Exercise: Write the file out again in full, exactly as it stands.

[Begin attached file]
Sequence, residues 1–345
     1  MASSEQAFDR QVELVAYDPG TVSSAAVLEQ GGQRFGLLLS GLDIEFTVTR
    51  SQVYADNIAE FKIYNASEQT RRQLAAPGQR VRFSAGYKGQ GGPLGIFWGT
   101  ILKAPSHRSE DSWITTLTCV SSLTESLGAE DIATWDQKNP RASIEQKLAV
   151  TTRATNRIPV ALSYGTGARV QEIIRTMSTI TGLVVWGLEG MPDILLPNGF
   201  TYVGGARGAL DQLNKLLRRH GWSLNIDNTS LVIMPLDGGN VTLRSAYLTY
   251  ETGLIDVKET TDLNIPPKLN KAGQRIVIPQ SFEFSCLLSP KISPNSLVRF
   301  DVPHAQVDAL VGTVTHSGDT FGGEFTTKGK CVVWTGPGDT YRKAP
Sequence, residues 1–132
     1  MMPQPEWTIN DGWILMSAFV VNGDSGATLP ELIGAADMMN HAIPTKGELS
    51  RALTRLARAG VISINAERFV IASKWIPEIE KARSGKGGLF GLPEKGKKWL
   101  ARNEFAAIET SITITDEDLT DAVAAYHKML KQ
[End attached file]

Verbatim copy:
Sequence, residues 1–345
     1  MASSEQAFDR QVELVAYDPG TVSSAAVLEQ GGQRFGLLLS GLDIEFTVTR
    51  SQVYADNIAE FKIYNASEQT RRQLAAPGQR VRFSAGYKGQ GGPLGIFWGT
   101  ILKAPSHRSE DSWITTLTCV SSLTESLGAE DIATWDQKNP RASIEQKLAV
   151  TTRATNRIPV ALSYGTGARV QEIIRTMSTI TGLVVWGLEG MPDILLPNGF
   201  TYVGGARGAL DQLNKLLRRH GWSLNIDNTS LVIMPLDGGN VTLRSAYLTY
   251  ETGLIDVKET TDLNIPPKLN KAGQRIVIPQ SFEFSCLLSP KISPNSLVRF
   301  DVPHAQVDAL VGTVTHSGDT FGGEFTTKGK CVVWTGPGDT YRKAP
Sequence, residues 1–132
     1  MMPQPEWTIN DGWILMSAFV VNGDSGATLP ELIGAADMMN HAIPTKGELS
    51  RALTRLARAG VISINAERFV IASKWIPEIE KARSGKGGLF GLPEKGKKWL
   101  ARNEFAAIET SITITDEDLT DAVAAYHKML KQ